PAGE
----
Jesuit priest and tribal rights activist Father Stan Swamy, 84, who was arrested in connection with the Elgar Parishad case and the Bhima Koregaon caste violence, passed away on July 5.
Swamy reportedly died of cardiac arrest ahead of his bail plea hearing, the deceased activist's counsel informed the Bombay High Court on Monday.
A patient of Parkinson's disease and bilateral hearing loss, Fr Swamy has been languishing in jail since October 2020. He was shifted to a private hospital in May 2021, after his health condition worsened.
He had contracted COVID-19 earlier this year. Though Fr Swamy recovered from the disease, he continued to suffer from post-COVID complications. According to a News18 report, Stan Swamy had to be put on ventilator support on July 4 after his heart rate had started falling and his oxygen levels started fluctuating.
Stan Swamy had been arrested by the National Investigation Agency (NIA) last year. He was charged under various sections of the Indian Penal Code (IPC) and terror-related offenses under the Unlawful Activities (Prevention) Act (UAPA) for allegedly furthering the cause of the banned Communist Party of India (Maoist) through civil rights organisations he was a part of.
Fr Swamy’s bail plea, filed on grounds that he is suffering from serious ailments and claiming that he is being framed in the case by the NIA due to the nature of his work, had been rejected earlier.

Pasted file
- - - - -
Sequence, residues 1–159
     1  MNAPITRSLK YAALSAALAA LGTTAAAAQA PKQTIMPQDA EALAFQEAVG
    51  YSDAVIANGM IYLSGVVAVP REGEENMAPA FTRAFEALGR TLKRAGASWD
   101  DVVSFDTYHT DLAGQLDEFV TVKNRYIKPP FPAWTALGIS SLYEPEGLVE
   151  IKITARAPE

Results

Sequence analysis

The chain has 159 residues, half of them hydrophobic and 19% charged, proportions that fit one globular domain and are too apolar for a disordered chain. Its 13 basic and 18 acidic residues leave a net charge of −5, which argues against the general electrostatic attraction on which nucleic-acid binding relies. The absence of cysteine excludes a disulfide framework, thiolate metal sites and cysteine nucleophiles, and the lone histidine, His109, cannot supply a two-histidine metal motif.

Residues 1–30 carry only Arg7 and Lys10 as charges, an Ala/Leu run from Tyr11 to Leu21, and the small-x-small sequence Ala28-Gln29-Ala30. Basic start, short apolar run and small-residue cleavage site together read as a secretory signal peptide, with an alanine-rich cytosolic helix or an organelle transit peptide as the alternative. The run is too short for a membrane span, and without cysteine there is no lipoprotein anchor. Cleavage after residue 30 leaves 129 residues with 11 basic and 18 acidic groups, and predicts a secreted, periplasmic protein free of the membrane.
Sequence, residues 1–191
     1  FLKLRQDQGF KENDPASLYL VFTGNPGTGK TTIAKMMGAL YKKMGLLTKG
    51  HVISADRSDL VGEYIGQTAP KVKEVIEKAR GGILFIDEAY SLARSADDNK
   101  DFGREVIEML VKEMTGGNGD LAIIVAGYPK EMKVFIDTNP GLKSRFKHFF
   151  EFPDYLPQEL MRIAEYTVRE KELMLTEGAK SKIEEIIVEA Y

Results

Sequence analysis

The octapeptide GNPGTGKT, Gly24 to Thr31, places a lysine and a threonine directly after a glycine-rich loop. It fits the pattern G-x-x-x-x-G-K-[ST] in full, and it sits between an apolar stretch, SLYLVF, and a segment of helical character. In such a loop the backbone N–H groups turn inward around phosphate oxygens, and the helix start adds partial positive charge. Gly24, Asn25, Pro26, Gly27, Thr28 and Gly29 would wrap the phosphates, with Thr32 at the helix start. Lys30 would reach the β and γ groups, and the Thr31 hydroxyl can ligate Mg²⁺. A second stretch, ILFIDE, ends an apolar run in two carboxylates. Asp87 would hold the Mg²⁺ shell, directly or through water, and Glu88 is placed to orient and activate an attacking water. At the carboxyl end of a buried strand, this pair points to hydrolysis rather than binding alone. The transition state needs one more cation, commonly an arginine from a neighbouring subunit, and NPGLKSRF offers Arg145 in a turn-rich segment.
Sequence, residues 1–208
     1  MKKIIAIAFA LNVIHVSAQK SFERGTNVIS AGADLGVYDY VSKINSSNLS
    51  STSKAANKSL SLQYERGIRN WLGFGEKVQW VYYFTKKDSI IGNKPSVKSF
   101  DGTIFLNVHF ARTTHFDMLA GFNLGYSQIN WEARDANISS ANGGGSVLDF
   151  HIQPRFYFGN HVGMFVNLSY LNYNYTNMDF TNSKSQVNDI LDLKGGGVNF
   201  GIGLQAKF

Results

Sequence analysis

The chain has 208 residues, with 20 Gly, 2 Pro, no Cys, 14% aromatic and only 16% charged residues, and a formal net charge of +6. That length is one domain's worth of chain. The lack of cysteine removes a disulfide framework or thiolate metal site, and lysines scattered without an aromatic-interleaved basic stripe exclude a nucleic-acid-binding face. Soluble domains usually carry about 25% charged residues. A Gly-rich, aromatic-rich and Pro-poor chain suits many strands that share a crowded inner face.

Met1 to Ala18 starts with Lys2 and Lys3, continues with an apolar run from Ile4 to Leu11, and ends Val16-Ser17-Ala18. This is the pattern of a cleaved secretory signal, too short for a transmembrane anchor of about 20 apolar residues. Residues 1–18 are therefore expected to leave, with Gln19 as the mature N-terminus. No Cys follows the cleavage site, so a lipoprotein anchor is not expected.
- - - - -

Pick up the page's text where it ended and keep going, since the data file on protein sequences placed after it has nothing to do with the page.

Rights activist Stan Swamy, who is considered to be the oldest person to be accused of terrorism in India, had also struggled to procure a straw and a sipper – both of which had been seized from him during his incarceration. Since Fr Swamy was a patient of Parkinson’s, he used to face difficulty in drinking water without a tool. It had taken the agencies one month and a social media storm to provide the two items to the aging priest.
Even last month the NIA had opposed Fr Swamy's bail plea stating “conclusive proof" of his medical ailments does not exist and claiming he is a Maoist who tried to create unrest in the country.
The Elgar Parishad case dates back to 2017. A group of intellectuals had gathered in Pune to attend a conclave, where inflammatory speeches were reportedly made. Maharashtra Police had claimed that people who attended the conclave had Maoist links and that their speeches triggered the caste violence at the Bhima-Koregaon war memorial.